Native: Dispatches from an Israeli-Palestinian Life by Sayed Kashua
Kashua is a rarity: an Israeli-Palestinian who’s lived in Jerusalem most of his life who writes in Hebrew, is translated into English, and now lives and teaches in Illinois. Most intriguing, he’s been writing (with significant success and accolades) for the last decade-plus for Haaretz, a left-leaning Israeli newspaper. This, his latest book, collects almost 10 years of his writings, up until his departure from his homeland for the U.S. in 2014. He writes: “I think I tried to survive the reality around me through words; to create order out of the swirling chaos and find an inner logic in what I saw and experienced.”
Palestine on a Plate: Memories from My Mother’s Kitchen by Joudie Kalla
Ready for a delicious break from conflict? The daughter of Palestinian refugees, London-raised Kalla pays toothsome tribute to her heritage with food and memories while sharing the recipes from her mother’s kitchen. “Palestinian food is an identity,” the chef and restaurateur explains. Combining history and family experiences, Kalla tells a story of resilience and love, of challenge and celebration, all through the dishes crafted and enjoyed through hundreds, even thousands of years.
Palestine’s Children: Returning to Haifa and Other Stories by Ghassan Kanafani
Kanafani was a national hero, a literary and political leader whose life was cut short by violence in 1972 when, at 36, a car bomb killed him and his young niece. The titular novella, Returning to Haifa, combines two historical events in Palestine: May 14, 1948, when Israel declared statehood, which led to the expulsion of some 200,000 Palestinians from their homes that very day, a number that grew to 700,000, who were made refugees by the end of the ensuing war; and 1967, when the borders between Israel, Gaza, and the Left Bank were opened for the first time, allowing Palestinians to visit their lost former homes. Almost 20 years since Said and Safiyya were driven out of Haifa – where, amidst violent confusion, their infant was left behind – they return to find Miriam, a widowed Jew, who has been waiting, dreading the future of her adopted son. The Solomon-like confrontation between the two sets of parents and the one son that they share by blood and by nurture is a paralyzing situation that will chill every parent and any child.
Palestinian Walks: Forays into a Vanishing Landscape by Raja Shehadeh
Gorgeous, compelling, joyous, and wrenching moments are all here, as Palestinian lawyer and writer Shehadeh shares six extended ambulatory journeys taken over almost three decades, from 1978 to 2006, through his beloved Palestinian hills. From bucolic rambles to angry confrontations, from life-threatening incidents marked by ongoing gunfire to sharing a nergila with a so-called enemy, Shehadeh celebrates, mourns, and hopes for his homeland as he bears witness to the ceaseless changes around him.
Salt Houses by Hala Alyan
Poet and psychologist Alyan, a Palestinian-American Brooklynite, makes her fiction debut with this four-generation epic about a Palestinian family uprooted and scattered, reunited and lost, surviving and thriving. Fleeing from war in Palestine, then Kuwait, settling in Lebanon and Boston (and not), the extended Yacoub family wander the globe in search of belonging, acceptance, and always, a sense of home.
Sharon and My Mother-In-Law: Ramallah Diaries by Suad Amiry
With all the contention, violence, and tragedy, laughter seems a rare reaction to the decades-long Palestinian/Israeli conflict. Yet Palestinian author Amiry captures what she calls the “absurdity of my life and the lives of others” in her award-winning memoir, which will incite giggles as well as guffaws. By training, Amiry is an architect and founder of Riwaq Centre for Architectural Conservation in Ramallah, Palestine, where she currently lives. By experience, she is a refugee, activist, and peace negotiator. Only by accident, she is also a writer. Comprised of her “personal war diaries” from 1981 to 2004, Amiry’s stories are of the “you can’t make this stuff up” variety, so ludicrous that only her irreverent humor – even as it is sometimes mixed with tears – can make you feel her desperation, her anger, her own unwilling complicity with the all-too-often appalling challenges of her day-to-day life.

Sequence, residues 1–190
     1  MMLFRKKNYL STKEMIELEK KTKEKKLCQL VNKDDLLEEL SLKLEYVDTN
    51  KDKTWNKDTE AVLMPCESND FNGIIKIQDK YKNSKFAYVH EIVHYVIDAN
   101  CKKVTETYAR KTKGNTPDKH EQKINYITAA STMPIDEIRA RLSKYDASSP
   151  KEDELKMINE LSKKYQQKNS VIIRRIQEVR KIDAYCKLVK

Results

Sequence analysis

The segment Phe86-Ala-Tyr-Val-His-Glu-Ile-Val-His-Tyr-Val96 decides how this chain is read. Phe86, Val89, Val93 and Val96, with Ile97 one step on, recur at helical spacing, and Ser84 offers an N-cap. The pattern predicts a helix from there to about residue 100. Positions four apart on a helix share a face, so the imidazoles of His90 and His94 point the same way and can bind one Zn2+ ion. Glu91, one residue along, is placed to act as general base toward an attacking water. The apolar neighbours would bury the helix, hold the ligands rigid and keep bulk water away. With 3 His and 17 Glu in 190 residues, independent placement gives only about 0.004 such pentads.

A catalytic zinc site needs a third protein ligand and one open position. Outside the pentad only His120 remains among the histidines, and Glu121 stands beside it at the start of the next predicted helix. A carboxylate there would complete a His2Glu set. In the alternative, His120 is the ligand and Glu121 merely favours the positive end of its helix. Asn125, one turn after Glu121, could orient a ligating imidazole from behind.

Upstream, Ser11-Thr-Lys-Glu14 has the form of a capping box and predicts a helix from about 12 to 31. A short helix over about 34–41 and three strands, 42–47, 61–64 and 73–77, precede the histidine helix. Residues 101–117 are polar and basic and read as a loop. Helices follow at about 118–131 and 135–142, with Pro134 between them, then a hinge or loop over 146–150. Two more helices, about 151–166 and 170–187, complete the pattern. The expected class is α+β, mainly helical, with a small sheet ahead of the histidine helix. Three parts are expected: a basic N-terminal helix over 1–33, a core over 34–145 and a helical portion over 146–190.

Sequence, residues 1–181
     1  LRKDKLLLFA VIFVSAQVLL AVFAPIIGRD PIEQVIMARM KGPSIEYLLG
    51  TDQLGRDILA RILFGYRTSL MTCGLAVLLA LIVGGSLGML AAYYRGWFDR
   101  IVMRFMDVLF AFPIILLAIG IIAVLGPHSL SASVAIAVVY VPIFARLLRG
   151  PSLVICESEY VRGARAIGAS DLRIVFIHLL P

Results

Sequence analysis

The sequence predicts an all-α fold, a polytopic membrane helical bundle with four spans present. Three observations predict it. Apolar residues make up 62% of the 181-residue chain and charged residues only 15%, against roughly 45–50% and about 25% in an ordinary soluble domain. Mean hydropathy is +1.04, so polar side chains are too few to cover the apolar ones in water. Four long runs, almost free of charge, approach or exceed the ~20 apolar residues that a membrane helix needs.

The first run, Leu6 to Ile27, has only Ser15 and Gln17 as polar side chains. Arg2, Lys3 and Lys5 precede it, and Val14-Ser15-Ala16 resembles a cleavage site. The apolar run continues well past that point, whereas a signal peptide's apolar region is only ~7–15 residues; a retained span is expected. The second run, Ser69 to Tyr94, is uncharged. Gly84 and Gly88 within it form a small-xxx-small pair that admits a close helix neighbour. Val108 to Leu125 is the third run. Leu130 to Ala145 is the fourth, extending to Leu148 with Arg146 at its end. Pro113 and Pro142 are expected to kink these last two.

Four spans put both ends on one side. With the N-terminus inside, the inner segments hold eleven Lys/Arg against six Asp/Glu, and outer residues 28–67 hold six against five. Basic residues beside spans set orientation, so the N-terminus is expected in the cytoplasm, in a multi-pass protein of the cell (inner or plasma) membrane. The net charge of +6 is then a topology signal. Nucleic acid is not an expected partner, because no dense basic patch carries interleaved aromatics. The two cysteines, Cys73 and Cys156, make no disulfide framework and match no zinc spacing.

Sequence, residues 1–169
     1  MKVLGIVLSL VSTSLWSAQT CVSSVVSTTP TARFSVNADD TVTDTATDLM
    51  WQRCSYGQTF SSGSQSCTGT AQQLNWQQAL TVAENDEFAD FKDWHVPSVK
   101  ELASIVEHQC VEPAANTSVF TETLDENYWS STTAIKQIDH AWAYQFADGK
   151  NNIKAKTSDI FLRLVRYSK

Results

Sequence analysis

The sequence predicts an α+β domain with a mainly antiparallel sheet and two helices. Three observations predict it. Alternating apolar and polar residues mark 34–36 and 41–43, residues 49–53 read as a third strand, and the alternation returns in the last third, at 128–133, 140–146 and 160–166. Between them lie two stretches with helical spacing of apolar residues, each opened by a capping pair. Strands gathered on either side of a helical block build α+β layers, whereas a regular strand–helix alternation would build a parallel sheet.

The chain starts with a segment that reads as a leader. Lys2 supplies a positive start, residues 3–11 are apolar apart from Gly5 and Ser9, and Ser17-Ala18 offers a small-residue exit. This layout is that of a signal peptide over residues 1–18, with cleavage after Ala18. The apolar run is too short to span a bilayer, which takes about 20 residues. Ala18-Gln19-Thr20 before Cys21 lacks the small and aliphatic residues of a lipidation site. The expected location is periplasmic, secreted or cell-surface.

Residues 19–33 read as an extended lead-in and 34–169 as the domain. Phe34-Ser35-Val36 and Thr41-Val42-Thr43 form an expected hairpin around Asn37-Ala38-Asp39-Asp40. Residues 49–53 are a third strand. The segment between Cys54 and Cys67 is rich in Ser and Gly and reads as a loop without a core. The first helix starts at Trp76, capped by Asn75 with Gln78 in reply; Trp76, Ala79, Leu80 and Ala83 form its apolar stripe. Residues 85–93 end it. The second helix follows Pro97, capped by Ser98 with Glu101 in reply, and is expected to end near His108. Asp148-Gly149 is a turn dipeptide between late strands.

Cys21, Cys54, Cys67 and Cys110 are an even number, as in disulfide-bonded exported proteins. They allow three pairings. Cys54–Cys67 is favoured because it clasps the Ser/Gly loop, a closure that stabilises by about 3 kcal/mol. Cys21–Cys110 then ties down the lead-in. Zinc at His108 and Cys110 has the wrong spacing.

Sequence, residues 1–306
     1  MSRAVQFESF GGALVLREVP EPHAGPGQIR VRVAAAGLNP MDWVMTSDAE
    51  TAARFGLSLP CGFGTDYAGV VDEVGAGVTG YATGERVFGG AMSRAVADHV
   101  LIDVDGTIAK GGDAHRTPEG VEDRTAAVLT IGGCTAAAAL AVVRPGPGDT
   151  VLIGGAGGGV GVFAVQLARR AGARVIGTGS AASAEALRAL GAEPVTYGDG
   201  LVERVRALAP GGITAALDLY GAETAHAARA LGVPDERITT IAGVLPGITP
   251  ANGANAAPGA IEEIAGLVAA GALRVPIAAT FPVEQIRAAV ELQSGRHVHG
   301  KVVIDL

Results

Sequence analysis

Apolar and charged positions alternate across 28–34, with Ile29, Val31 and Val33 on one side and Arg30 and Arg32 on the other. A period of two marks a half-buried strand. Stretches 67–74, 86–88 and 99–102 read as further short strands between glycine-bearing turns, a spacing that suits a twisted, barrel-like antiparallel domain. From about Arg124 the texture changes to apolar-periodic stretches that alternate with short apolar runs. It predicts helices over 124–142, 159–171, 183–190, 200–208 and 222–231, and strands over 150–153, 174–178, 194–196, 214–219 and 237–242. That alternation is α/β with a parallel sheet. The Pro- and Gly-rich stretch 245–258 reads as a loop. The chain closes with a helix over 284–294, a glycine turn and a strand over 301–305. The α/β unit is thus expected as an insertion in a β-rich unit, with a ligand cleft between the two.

Sonora by Hannah Lillith Assadi
Debut novelist Assadi’s protagonist, like herself, is the daughter of a Palestinian father and Jewish Israeli mother. Ahlam comes of age in the Arizona desert, physically safe from war, but damaged by the bitter fighting between her parents, their escalating confrontations echoing the news from the other side of the world. Ahlam finds companionship with Laura, who she meets as a high school freshman, but their relationship is complicated, their behavior often veering toward the dangerous. Death never seems far away, even as they attempt to outrun their fears by fleeing to New York City.
This Is Not a Border: Reportage & Reflection from the Palestine Festival of Literature, edited by Ahdaf Soueif and Omar Robert Hamilton (June)
PalFest, the Palestine Festival of Literature, makes the inaccessible available in near-impossible situations by bringing Anglophone writers to Palestinian audiences. PalFest presenters “try to travel in the same manner as its Palestinian audience,” enduring difficult roads, roundabout routings, checkpoints, and border crossings. A self-described cultural roadshow for the locals, PalFest is also an eye-opening, often life-changing experience for the participants. A sensational selection of these international Palfestivalians – curated by mother-son editors, Soueif and Hamilton – are represented here, including such luminaries as J.M. Coetzee, Suad Amiry, Susan Abulhawa, Kamila Shamsie, Teju Cole, Deborah Moggach, Nathalie Handal, China Miéville, and many more.
touch by Adania Shibli
Less is indeed more in Palestinian writer Shibli’s U.S. debut-in-translation. The deceptively minimal 72 pages hold layered shards from a young girl’s life, some shining with promise, others sharp with painful gravity, but all undoubtedly from an existence shattered at regular intervals by violence and tragedy. Lauded as a major young voice in Arabic fiction, Shibli deftly intertwines the mundane with the shocking to reveal a girl’s life in uncertain times.
Published: The Booklist Reader, May 2, 2017